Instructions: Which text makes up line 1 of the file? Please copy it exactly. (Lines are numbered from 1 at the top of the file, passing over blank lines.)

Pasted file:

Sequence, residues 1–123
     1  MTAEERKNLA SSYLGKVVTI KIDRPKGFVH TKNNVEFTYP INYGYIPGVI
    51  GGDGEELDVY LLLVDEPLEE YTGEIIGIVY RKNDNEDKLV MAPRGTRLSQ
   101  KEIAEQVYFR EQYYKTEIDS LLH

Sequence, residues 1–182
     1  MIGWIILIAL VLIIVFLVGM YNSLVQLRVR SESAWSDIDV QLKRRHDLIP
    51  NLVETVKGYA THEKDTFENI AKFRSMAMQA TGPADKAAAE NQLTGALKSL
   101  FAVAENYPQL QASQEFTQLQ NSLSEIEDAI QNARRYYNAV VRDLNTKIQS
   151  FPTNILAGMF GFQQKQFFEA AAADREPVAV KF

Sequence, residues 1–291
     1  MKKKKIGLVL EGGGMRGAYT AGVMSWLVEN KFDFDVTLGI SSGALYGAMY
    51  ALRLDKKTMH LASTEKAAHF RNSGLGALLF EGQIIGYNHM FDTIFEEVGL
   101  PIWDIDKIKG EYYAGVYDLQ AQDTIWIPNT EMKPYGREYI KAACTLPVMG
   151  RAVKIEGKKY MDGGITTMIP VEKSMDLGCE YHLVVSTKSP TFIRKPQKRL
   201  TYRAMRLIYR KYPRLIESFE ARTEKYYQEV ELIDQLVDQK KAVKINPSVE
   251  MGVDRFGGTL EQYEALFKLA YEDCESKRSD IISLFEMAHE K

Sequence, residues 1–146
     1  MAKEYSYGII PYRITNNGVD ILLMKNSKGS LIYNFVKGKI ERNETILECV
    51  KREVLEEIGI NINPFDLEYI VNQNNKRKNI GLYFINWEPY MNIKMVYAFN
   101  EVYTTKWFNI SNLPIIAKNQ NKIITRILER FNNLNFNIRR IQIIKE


Sequence, residues 1–123